This feature was originally published in PC Gamer magazine (opens in new tab).
I don’t know much about astrophysics, aerodynamics, or anything else to do with rocket science, but I do know how to tell when someone is trying very hard to avoid saying the words ‘kerbal orgy’. New studio Intercept Games, which has taken the reins on KSP, is busy crafting a sequel, coming next year, that includes intergalactic travel, multiplayer and helpful tutorials for science-challenged players like me. Reading between the lines of my first look at Kerbal Space Program 2, the kerbals themselves are getting busy too.
Over the course of two days I spoke with the dev team about what’s new in Kerbal Space Program 2, what’s changed, and just as importantly what’s not changed, to preserve the wonderful sense of accomplishment and discovery that defined one of PC gaming’s greatest experiences. At no point did anyone say these little green explorers are so excited about intergalactic travel that they throw a spontaneous space orgy, but I’m here to tell you it’s most definitely happening.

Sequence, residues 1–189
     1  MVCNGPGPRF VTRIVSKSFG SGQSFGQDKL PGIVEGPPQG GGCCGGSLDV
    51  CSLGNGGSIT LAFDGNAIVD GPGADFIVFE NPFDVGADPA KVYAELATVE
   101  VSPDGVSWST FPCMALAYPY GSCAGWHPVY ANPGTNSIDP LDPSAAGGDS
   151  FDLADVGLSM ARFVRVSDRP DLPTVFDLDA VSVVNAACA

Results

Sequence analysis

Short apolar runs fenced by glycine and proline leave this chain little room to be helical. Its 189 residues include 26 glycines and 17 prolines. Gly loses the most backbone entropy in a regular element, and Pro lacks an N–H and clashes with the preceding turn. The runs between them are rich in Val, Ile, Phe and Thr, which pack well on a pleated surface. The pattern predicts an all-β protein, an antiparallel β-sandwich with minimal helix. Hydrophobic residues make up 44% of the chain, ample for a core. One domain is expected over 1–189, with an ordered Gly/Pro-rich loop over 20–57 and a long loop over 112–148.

And honestly, I’m thrilled about it. It’s hard, lonely work going where no kerbal has gone before, and they deserve to celebrate—especially because that sweet, sweet space nooky is a key part of Kerbal Space Program 2’s vastly expanded progression into the unknown.
The big boom
The camera pans across a desert landscape, the faint flow of starlight refracting through a layer of atmosphere at the horizon. Stirring synth chords and a bass drum aren’t quite reproducing Also sprach Zarathustra (opens in new tab), but the tone is the same. Mysterious. Ominous? The vibe is unmistakably 2001.